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inputs:

arbitrary bitset, e.g. bit positions 012345
arbitrary bit mask, e.g. (x=1) xx0x0x

output:

xx0x1x2345

That is, I want the first bit of the bitset to be placed in the first 0 of the mask. Likewise, the second bit is placed in the second 0 of the mask.

example:

mask = 1001001
bits = 1101
result = 1111011

I know that this can be done with a loop, but I'd like do it using primarily bit operations. I know you can perform arbitrary bit permutations using only masking and bit operators. I'm willing to spend a good amount of time setting up the permutation masks since the input mask will be used many times.

edit: I've looked at the algorithms at http://graphics.stanford.edu/~seander/bithacks.html and http://www.hackersdelight.org/HDcode.htm, but haven't found the exact method yet.

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3  
I think you're going to have to clarify - your question is a bit confusing as is. '12345' being output as xx1x2x345 is dealing entirely with characters - there's no bitwise logic in the way your question is currently phrased. –  jscharf Aug 22 '09 at 5:20
    
It can be done with a loop, using primarily bit operations –  aib Aug 22 '09 at 8:56
    
@aib. Yes, it can be done with a loop. It can also be done without looping. –  Andrew Prock Aug 22 '09 at 16:27
    
I can see how the example output is derived - provided you know that you are dealing with a 9-bit value for the 'mask' rather than, say, a 16-bit or 32-bit value, and provided you know you are dealing with a 4-bit value for the bitset rather than, say, an 8-bit, 16-bit or 32-bit value. But if you are dealing with other sizes (than 9-bit and 4-bit), then your example is still insufficient. –  Jonathan Leffler Aug 22 '09 at 17:41
    
@drewster: you say it can be done without looping...are you sure? And if you know it can be done without looping, do you also know how to do it without looping, or are you merely stating what you were told as part of a homework exercise? Because it certainly isn't clear to me that it can be done without looping. –  Jonathan Leffler Aug 22 '09 at 17:44

5 Answers 5

I think the 012345 is intended to be a BITSET and he used 0..5 to indiccate a mix of 0's and 1s.

However, this does not appear to be a bitwise operation. I'd stick to a loop..

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If I didn't get it wrong, you want a function f(bitmask, bitset) like:

f(0b00110101, 0b000ABCDE) = 0bABC11D1E1

in which the first argument (the bit mask) is relatively fixed.

I think you'll have to loop over the bit mask, and inside that loop you could use bitwise operation. Of course you can compile the bit mask beforehand and keep the positions of 0's like {1, 3, 6, 7, ...}, and save some cycles by looping over the sequence instead.

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Yes, that's what I'm looking for. I've edited the question to hopefully be clearer. –  Andrew Prock Aug 22 '09 at 19:02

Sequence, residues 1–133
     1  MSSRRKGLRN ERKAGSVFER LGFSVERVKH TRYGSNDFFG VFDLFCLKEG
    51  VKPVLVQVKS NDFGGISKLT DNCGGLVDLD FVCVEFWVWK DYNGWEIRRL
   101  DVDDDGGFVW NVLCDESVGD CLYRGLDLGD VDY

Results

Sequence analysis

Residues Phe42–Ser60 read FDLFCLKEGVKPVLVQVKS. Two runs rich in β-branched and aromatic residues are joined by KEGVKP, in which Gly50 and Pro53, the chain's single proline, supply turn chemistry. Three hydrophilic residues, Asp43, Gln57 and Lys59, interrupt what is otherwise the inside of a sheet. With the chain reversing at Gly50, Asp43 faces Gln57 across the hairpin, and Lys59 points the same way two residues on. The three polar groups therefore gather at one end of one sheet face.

are you sure you don't need a loop? If you know the number of bits you could skip the overhead and just do like 16 or 32 lines of bit shifts, but a loop would be simpler. I don't think there's really another way to do it but you got me thinking about it now

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I think that the effect you are trying to achieve is (using your example data, but laying the information out somewhat differently):

bitmask = 1001001
bitset  =  11 01
result  = 1111011

Now, if we describe this as working from right to left (least significant bit first), then the final 1 of the bitset means that the rightmost 0 of the bitmask needs to be set. The zero in the bitset means that the next 0 of the bitmask is unchanged; the next 1 means that the third zero is converted to a one; and the most significant 1 means that the fourth zero is converted to a 1. Since there are no more ones in the bitset, that is the final change. Note that this formulation of the algorithm avoid issues with how many bits there are in the bitset or bitmask - whereas a left to right interpretation leads to big problems.

Let's review some other examples:

bitmask = 1001001      1001001      1100011000   0000000101001001
bitset  =  11 00        10 00         110  010     11100 1 00 11
result  = 1111001      1101001      1111011010   0011100111001111


bitmask = 01001101     01001011     11000010     0000000011111111
bitset  = 1 10  1      1 10 1          110 1         1101
result  = 11101111     11101111     11011011     0000110111111111

If this interpretation is correct, then the meaning of the bitset varies depending on the bitmask. If the bitmask and bitset are limited to 8 bits, then for each bitset, you probably end up computing a set of 256 values that can be OR'd with the original bitmask value to produce the result. On the other hand, you can just as easily compute the result as a value to be OR'd into the main data.

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Most of the interleave bits or general aggregate bits functions do loop, but in a non-obvious way.

Even the count bits function has an O(log2(bits in integer)) complexity.

So if you are willing to accept an O(# of zeroes in mask) loop, then that will probably be your best bet. (You'd have to have an algorithm that does that anyway without a native insert bits instruction.):

unsigned blah(unsigned bitmask, unsigned bits_to_insert)
{
    unsigned insertion_bitmask= ~bitmask;

    while (insertion_bitmask)
    {
        unsigned bit_position_to_insert= insertion_bitmask & -insertion_bitmask;
        unsigned current_bit= bits_to_insert & 1;
        unsigned bit_to_insert_into_mask= (-current_bit) & bit_position_to_insert;
        bitmask|= bit_to_insert_into_mask;

        bits_to_insert>>= 1;
        insertion_bitmask&= insertion_bitmask - 1;
    }

    return bitmask;
}
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